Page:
Days were fixed before which those whose names were on the list were required to surrender themselves to such justice as was then administered to English Protestants in Dublin. If a proscribed person was in Ireland, he must surrender himself by the tenth of August. If he had left Ireland since the fifth of November 1688, he must surrender himself by the first of September. If he had left Ireland before the fifth of November 1688, he must surrender himself by the first of October. If he failed to appear by the appointed day,

* King, iii. 12.

he was to be hanged, drawn, and quartered without a trial, and his property was to be confiscated. It might be physically , impossible for him to deliver himself up within the time fixed by the Act. He might be bedridden. He might be in the West Indies. He might be in prison. Indeed there notoriously were such cases. Among the attainted Lords was Mountjoy. He had been induced, by the villany of Tyrconnel, to trust himself at Saint Germains: he had been thrown into the Bastile: he was still lying there; and the Irish Parliament was not ashamed to enact that, unless he could, within a few weeks, make his escape from his cell, and present himself at Dublin, he should be put to death.* As it was not even pretended that there had been any inquiry into the guilt of those who were thus proscribed, as not a single one among them had been heard in his own defence, and as it was certain that it would be physically impossible for many of them to surrender themselves in time, it was clear that nothing but a large exercise of the royal prerogative of mercy could prevent the perpetration of iniquities so horrible that no precedent could be found for them even in the lamentable history of the troubles of Ireland. The Commons therefore determined that the royal prerogative of mercy should be limited. Several regulations were devised for the purpose of making the passing of pardons difficult and costly; and finally it was enacted that every pardon granted by His Majesty, after the end of November 1689, to any of the many hundreds of persons who had been sentenced to death without a trial, should be absolutely void and of none effect. Sir Richard Nagle came in state to the bar of the Lords and presented the bill with a speech worthy of the occasion. "Many of the persons here attainted," said he, "have been proved traitors by such evidence as satisfies us. As to the rest we have followed commjn fame."t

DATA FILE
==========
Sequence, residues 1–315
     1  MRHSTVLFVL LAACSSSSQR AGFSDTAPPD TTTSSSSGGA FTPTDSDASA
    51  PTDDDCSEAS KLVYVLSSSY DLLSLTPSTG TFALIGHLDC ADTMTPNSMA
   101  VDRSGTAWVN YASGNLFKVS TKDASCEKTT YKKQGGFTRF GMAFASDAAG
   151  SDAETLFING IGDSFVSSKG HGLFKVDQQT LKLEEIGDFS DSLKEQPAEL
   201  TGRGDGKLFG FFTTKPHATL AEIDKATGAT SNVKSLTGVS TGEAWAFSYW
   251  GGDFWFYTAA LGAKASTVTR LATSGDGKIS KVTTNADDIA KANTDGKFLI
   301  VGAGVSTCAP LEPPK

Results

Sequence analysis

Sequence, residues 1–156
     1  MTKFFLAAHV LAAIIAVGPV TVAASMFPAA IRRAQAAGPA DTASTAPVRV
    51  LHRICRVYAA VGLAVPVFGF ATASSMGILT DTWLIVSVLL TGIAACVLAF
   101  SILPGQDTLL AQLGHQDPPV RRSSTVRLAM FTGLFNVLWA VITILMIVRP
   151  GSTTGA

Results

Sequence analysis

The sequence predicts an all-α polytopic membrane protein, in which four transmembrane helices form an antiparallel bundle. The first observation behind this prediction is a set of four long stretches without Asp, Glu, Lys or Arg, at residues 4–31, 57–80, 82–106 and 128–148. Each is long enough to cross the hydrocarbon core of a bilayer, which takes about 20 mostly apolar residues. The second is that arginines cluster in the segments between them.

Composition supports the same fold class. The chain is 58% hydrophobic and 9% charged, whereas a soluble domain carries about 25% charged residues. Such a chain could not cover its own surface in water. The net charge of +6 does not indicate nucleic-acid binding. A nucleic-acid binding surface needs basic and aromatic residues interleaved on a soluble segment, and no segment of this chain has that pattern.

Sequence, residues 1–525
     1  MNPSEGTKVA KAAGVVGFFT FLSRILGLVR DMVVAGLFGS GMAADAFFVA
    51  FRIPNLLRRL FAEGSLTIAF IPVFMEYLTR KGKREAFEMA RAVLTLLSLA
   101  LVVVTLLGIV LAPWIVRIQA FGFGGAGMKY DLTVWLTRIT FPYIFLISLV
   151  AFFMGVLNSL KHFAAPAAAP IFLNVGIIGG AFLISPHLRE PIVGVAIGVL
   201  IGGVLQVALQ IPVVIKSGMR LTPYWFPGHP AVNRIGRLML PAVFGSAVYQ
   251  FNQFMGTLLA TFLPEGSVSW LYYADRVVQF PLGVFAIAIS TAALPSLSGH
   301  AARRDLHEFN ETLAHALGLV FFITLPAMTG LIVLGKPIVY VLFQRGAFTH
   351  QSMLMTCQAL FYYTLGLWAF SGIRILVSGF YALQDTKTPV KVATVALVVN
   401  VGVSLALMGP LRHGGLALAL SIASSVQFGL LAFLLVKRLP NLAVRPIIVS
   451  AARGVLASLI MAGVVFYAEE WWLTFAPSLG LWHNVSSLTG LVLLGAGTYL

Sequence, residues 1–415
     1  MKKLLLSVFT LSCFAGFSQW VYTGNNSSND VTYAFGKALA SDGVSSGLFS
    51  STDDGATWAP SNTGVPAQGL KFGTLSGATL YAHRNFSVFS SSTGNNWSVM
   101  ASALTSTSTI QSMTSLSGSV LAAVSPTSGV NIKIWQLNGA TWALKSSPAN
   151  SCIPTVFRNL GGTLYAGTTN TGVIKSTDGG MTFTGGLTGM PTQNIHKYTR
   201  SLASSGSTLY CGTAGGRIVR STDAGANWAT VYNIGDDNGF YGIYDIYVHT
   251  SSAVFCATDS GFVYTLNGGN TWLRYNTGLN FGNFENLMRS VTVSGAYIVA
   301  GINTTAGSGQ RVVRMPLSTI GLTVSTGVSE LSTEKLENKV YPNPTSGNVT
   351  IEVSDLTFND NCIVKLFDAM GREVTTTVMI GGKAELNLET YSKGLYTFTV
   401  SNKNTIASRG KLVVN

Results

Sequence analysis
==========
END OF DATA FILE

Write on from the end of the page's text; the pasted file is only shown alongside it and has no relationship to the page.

* An Act for the Attainder of divers Rebels and for preserving the Interest of loyal Subjects, London,1690.

t King, iii. 13.

With such reckless barbarity was the list framed that fanatical royalists, who were, at that very time, hazarding their property, their liberty, their Uvea, in the cause of James, were not secure from proscription. The most learned man of whom the Jacobite party could boast was Henry Dodwell, Camdenian Professor in the University of Oxford. In the cause of hereditary monarchy he shrank from no sacrifice and from no danger. It was about him that William uttered those memorable words: "He has set his heart on being a martyr; and I have set mine on disappointing him." But James was more cruel to friends than William to foes. Dodwell was a Protestant: he had some property in Connaught: these crimes were sufficient; and he was set down in the long roll of those who were doomed to the gallows and the quartering block.*